• WHAT ARE THE CONTENT REQUIREMENTS FOR THE NEW SUBSIDY NOTICE?
    • The notice regarding the premium assistance subsidy must include the following information:
    • A description of the right to the subsidy and any conditions for receiving it.
    • The forms necessary to establish subsidy eligibility.
    • A description of the second, special COBRA election period.
    • A description of the individual’s duty – and the penalty for failure – to inform the plan once eligibility for the subsidy is lost due to eligibility for Medicare or other group health plan coverage.
    • The plan administrator’s name, address and telephone number, as well as those of any other person with information relevant to the subsidy.
    • If the employer chooses to permit it, a description of the individual’s right to choose a lower cost COBRA coverage option.
  • THE SECOND CHANCE TO ELECT COBRA (UNDER FEDERAL LAW)
    • Example re employer cash flow :
      • 10/1/2008: Individual is involuntarily terminated, does not elect COBRA.
      • 2/17/2009: No federal COBRA coverage.
      • 4/15/2009: Employer sends notice of special election right. 6/10/2009: Individual elects COBRA.
      • 3/1/2009: Coverage and subsidy effective date.
      • The 18-month period of COBRA coverage begins on 10/1/2008.
      • The 9-month period of subsidy eligibility on 3/1/2009.
    • The 9-month subsidy period runs concurrently with any months in which the employer subsidizes all or part of an individual’s COBRA premium.
  • THE SECOND CHANCE TO ELECT COBRA (UNDER FEDERAL LAW)
    • For these AEIs with the second chance to elect COBRA, the gap between the date of the covered employee’s involuntary job loss and the first day of the first COBRA coverage period beginning after February 17, 2009 (March 1, 2009) is disregarded when determining if applying HIPAA’s 63-day significant break in coverage rules for the purposes of applying pre-existing condition exclusions.
    • HIPAA certificates will have to be revised and reissued to those who exercise their second chance COBRA election right.
    • No second election for plans only subject to state “mini-COBRA” laws.
  • WHAT COBRA COVERAGE CAN BE ELECTED?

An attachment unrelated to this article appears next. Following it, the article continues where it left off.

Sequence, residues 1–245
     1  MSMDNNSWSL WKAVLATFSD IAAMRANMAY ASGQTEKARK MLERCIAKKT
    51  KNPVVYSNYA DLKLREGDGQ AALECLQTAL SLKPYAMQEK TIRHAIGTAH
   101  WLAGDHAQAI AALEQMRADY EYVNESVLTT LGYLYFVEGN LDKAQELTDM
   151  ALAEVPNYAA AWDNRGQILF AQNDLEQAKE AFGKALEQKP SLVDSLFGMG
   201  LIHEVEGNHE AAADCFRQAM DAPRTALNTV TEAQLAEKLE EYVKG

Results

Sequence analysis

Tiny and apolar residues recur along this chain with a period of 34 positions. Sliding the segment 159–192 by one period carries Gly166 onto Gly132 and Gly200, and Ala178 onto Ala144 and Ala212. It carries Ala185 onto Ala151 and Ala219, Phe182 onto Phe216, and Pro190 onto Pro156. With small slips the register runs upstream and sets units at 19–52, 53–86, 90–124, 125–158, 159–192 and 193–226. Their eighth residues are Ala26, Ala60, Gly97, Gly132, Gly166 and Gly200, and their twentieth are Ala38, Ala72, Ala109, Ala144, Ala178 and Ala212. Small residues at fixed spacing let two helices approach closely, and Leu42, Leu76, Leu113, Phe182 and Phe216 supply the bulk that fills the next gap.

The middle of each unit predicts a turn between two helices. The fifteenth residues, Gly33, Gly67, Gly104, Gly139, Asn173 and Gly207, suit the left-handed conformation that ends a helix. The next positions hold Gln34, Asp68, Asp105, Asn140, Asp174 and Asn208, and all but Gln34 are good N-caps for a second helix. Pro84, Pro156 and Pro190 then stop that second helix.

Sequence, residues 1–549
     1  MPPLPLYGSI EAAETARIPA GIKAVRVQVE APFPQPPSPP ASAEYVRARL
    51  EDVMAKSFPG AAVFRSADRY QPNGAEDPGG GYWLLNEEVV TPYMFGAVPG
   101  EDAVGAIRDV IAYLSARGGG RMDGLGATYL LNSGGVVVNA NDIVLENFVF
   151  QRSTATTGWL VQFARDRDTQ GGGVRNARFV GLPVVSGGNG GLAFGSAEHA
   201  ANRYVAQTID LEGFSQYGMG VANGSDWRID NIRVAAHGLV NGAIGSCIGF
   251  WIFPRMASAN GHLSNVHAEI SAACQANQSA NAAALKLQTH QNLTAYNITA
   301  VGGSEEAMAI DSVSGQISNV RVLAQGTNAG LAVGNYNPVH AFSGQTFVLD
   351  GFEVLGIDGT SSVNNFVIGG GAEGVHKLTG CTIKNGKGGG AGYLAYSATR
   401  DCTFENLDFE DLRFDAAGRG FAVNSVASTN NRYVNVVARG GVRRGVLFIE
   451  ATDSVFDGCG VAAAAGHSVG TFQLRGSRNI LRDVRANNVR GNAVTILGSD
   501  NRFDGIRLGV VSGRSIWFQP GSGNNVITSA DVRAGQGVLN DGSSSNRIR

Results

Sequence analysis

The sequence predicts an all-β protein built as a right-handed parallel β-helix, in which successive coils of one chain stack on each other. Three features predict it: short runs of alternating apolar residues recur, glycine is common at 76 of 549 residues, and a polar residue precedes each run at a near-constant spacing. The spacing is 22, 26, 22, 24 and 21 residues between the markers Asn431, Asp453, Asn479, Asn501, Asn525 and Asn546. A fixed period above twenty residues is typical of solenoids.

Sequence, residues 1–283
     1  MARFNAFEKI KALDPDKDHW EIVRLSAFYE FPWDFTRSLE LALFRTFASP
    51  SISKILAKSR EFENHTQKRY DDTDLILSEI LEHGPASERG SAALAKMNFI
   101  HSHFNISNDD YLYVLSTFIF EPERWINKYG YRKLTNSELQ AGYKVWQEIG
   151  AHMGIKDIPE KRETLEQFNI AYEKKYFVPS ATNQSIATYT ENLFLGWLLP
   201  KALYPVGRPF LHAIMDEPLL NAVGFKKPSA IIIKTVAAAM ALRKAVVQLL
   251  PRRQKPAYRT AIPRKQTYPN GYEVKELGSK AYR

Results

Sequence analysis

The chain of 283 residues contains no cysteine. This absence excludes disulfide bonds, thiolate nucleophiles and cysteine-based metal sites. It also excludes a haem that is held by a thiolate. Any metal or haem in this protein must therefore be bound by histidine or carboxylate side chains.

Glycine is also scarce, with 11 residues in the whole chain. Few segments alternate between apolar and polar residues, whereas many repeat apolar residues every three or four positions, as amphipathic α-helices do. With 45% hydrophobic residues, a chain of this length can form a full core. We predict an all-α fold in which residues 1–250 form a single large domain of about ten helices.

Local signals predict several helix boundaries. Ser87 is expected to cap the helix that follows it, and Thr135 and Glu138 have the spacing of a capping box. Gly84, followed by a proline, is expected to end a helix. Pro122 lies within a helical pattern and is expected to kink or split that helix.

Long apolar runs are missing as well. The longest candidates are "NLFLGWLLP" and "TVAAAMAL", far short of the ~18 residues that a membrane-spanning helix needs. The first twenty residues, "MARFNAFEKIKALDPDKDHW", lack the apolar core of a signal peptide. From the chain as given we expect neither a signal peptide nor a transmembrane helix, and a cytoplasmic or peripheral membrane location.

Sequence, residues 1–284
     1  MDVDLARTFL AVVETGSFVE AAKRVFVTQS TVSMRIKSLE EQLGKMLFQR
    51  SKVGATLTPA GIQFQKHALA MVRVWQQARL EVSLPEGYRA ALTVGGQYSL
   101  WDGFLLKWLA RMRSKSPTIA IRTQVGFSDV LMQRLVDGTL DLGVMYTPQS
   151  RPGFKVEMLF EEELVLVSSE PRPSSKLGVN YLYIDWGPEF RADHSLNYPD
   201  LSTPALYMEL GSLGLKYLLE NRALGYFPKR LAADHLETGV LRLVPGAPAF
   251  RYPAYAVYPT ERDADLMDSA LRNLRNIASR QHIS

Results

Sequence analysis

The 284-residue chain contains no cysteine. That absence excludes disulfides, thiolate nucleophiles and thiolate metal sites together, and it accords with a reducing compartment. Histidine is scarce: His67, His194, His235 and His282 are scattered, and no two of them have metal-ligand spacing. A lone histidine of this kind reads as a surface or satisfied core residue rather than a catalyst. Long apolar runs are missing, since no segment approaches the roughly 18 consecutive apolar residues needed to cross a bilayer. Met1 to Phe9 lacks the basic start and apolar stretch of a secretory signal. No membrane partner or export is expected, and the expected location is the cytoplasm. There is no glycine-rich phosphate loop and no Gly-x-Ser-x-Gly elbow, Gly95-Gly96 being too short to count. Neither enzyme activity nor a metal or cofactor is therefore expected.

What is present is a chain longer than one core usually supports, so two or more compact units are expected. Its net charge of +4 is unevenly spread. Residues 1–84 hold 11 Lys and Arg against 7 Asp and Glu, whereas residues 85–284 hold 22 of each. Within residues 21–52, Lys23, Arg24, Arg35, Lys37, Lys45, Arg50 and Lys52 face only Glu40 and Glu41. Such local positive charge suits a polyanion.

• Generally, COBRA coverage is the same coverage that the qualified beneficiary had immediately before the qualifying event.
    • Switching Benefit Options: An employer may (but is not required) to allow AEIs to elect an alternative coverage option that is different from the COBRA coverage originally offered to the AEI.
  • WHAT REQUIREMENTS APPLY TO ALTERNATIVE COBRA COVERAGE?
    • The COBRA premium cost of the alternative coverage option must be the same or less than the COBRA premium cost for the coverage in which the AEI was enrolled when the COBRA qualifying event occurred.
    • The alternative coverage option must be coverage that is available to active employees.
    • The alternative coverage option cannot be limited to: (1) dental, vision, counseling or referral services (singly or in any combination); (2) a health care flexible spending account or (3) an on-site facility primarily providing first aid, prevention, or wellness care.
    • If an employer decides to offer an alternative coverage option, the employer must provide notice and the AEI has 90 days to elect from notice of the plan enrollment option.
  • THE DOL HAS ISSUED 4 MODEL NOTICES
    • The model notices do not provide any new or significantly revised interpretations of the assistance payment rules.
    • The model notices and accompanying DOL questions and answers:
      • Require that qualified beneficiaries declare themselves eligible for the 65% assistance payment.
      • Contemplate a pen-and-paper process for electing COBRA and the 65% assistance payment.
      • Fail to indicate that employers or COBRA administrators are free to use any other forms of their choosing.
      • Fail to recognize that employers or COBRA administrators can use electronic or telephonic processes to enroll in COBRA, claim eligibility for the 65% assistance payment, or notify an employer that a qualified beneficiary is no longer eligible for the assistance payment.
  • THE MODEL GENERAL NOTICE (FULL VERSION)